Help! Aluminum Fascia is falling down!


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Old 07-20-07, 11:52 AM
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Help! Aluminum Fascia is falling down!

I live in a new community in Virginia. A common problem amongst neighbors is our aluminum fascia siding blowing down whenever there is a big storm. I've been here nearly two years and last night a piece of our siding blew down.

I've taken a couple of pictures and I'm hoping that somebody that knows what they are doing might be able to give me some advice on how to proceed with the developer. Just about every home on my street has had to deal with this... a piece blows down and the developer sends some laborers to nail another piece back up. I don't want a band aid, I'm hoping somebody can tell me what they need to do in order to install all of my aluminum fascia siding correctly!

In the first image I'm attempting to show the piece that blew down. I inspected it and it appears that it was nailed to the fascia board in three places, approximately 30 inches apart (I circled the holes in red). The nail head must have been pretty small. You can tell that there wasn't a lot of measuring going on when this was being nailed up.

Here's the image: http://img391.imageshack.us/my.php?image=sidingtk9.jpg


The second image shows where the piece of siding blew down.
http://img505.imageshack.us/my.php?image=missingsidingur1.jpg

Any advice or suggestion you might offer would be greatly appreciated!

Thanks in advance!
Mitch
 
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Old 07-20-07, 04:20 PM
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Sometimes fascia is installed with the anticipation of overlaying with gutters, and they skimp on fasteners. The guttering will hold the fascia firmly, but placing the nails 30" apart is a little cheap. I would get with the builder and insist on proper fastening at a good spacing, even if it means seeing the nails afterwards. I could live with the nails' appearance better than I could live with the stuff falling all the time. It only takes a little wind to get under these pieces and rip them from their moorings.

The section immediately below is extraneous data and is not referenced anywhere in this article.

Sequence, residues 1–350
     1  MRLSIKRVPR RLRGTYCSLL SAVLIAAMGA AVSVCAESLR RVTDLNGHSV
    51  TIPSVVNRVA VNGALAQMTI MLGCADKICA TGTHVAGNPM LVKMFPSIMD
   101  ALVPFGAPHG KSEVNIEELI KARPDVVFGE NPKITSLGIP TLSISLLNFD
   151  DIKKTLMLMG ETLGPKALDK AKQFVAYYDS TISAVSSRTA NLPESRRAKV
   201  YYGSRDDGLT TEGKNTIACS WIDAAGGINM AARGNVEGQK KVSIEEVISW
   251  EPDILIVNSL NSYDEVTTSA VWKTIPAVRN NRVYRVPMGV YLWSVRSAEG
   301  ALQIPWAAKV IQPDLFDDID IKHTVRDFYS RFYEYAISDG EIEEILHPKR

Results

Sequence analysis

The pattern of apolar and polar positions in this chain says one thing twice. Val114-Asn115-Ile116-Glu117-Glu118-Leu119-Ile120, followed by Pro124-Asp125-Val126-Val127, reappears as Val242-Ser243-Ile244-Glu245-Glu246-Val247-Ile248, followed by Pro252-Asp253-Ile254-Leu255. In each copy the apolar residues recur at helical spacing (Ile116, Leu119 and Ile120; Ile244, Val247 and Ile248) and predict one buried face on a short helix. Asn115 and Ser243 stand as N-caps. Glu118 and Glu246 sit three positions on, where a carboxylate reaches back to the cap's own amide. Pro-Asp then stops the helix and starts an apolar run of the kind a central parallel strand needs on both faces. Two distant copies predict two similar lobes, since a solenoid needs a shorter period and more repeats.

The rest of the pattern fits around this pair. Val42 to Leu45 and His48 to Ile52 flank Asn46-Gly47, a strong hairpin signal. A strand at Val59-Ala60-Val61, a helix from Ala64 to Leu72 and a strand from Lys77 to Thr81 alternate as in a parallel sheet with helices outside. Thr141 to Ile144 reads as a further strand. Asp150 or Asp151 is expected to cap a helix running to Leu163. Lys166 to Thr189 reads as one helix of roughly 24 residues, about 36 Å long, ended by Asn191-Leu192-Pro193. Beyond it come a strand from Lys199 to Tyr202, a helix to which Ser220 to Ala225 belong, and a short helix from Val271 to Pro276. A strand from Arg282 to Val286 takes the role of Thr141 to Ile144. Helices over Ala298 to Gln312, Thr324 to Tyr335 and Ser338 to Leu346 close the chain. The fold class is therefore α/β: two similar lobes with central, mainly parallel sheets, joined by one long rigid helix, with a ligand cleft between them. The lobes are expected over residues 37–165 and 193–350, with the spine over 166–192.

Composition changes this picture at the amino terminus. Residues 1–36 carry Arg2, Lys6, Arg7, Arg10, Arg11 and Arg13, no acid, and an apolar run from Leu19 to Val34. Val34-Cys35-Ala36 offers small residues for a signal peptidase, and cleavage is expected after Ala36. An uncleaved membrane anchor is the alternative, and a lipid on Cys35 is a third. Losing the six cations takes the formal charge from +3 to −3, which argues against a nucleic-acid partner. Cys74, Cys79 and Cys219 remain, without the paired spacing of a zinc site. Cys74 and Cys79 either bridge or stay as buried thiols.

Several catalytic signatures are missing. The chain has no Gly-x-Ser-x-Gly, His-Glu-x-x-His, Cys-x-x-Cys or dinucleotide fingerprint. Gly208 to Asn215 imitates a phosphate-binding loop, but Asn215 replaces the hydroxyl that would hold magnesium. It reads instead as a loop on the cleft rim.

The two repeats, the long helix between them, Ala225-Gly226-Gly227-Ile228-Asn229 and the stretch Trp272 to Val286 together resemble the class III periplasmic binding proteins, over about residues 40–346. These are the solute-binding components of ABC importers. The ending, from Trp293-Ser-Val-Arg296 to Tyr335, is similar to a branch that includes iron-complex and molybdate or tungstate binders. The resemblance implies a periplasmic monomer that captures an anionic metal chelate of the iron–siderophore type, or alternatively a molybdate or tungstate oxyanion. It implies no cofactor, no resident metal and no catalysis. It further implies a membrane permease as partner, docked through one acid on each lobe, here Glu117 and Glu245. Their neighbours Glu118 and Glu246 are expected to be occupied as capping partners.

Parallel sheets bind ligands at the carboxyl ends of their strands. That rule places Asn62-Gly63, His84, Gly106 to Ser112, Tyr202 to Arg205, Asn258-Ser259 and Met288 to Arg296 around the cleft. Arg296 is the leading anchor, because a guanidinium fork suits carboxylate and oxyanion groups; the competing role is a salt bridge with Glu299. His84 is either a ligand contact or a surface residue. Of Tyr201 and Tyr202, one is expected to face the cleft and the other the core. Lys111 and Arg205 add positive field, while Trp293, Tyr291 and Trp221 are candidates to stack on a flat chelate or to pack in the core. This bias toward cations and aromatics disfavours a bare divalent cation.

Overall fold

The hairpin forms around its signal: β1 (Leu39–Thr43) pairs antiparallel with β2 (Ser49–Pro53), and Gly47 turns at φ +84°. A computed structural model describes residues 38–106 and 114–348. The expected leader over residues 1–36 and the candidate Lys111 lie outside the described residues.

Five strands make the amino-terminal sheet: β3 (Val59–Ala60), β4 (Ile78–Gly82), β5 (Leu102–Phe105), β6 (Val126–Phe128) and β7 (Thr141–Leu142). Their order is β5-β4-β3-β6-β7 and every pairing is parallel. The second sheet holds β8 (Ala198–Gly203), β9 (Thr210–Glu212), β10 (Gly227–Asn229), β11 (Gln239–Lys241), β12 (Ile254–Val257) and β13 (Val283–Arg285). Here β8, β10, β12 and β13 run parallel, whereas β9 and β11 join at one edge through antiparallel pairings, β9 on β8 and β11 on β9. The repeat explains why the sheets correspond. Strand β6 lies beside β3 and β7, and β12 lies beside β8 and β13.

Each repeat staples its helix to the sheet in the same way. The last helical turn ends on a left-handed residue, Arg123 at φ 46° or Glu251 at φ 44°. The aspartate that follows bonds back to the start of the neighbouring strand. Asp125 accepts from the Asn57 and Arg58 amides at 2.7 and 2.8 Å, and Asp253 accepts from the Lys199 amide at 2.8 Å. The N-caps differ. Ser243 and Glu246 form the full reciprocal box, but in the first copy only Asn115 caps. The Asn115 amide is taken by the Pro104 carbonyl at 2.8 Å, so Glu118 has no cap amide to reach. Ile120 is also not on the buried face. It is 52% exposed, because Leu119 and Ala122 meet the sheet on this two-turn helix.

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Old 07-20-07, 05:03 PM
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Thanks for the input.

After I made this post, it occurred to me that of all the homes where I have seen the aluminum fascia falling down, it's always where there are no gutters installed.

How far apart should the nails be? Are there any guidelines on this? I assume using nails is okay?

I've got a two-story home and with exception of the gables and the piece in the linked image, I have gutters just about everywhere. Visible nail heads seem like a small price to pay compared to having to call somebody to put up another piece of aluminum every time a big storm blows through.

Thanks again!
Mitch
 
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Old 07-20-07, 05:52 PM
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Mitch V

If the picture you put on the site is correct of the piece of fascia with the nail holes marked, I will tell you right now that whoever put it up had no idea how to put on fascia. It is or was put on entirely wrong. You do not face nail fascia. You nail fascia from the botton, with fascai nails and they also go right through the metal soffitt into the fascia board. Sometimes you even have to pre-drill the fascia and soffitt and then nail the fascia. Now we install a fascia nail about every 12" nailed up from the bottom.
 
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Old 07-20-07, 05:52 PM
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Those nails always have a way of working loose. I suppose it's because if the metal rattles in the wind at all, it will eventually loosen the nail. Some say that normal expansion and contraction (heat and cold) will also cause them to work loose. You'd think someone would invent a trim nail that stays in. I avoid face nailing wherever possible. Nailing up through the bottom leg is a much better practice. Just don't nail too tight or you'll make a nice dimple.

From the picture, it looks to me like the builder skipped the gutter apron and drip edge. Tucking the fascia cover under the flashing helps keep the top of the fascia cover from rattling and eventually blowing off. Not only that, it helps prevent water from leaking behind the fascia cover and rotting your boards! Why are some builders so cheap??? They probably saved $100 by omitting the metal edging on the roof. Hope they didn't spend it all in one place.


Personally, I like to silicone the fascia on if I have any doubts that it will stay on. For instance, I had a dear friend who once had a 3 story home. Her house had very wide custom made fascia cover that was continually blowing off with every thunderstorm. Bending the elaborate trim and setting up a scaffold on those gable ends that high off the ground wasn't one of my favorite repair jobs... in fact, I had a near death experience out there that still gives me the shivers when I think about it. Anyway, I'd silicone the back of the new fascia cover as I replaced pieces that had blown off. Eventually I must have gotten most of the pieces done that were vulnerable to "high winds". None of the pieces I did that to ever came off again, and I didn't have to use a lot of nails. The nails work out again anyway, so what's the point. Silicone it!

I just did a small soffit and fascia job earlier this week (300 lin ft on a big cut up garage) where I siliconed behind the fascia cover on all four gable ends where there were no gutters. I hate call backs! You can silicone a lot of fascia cover for $3.95.
 
 

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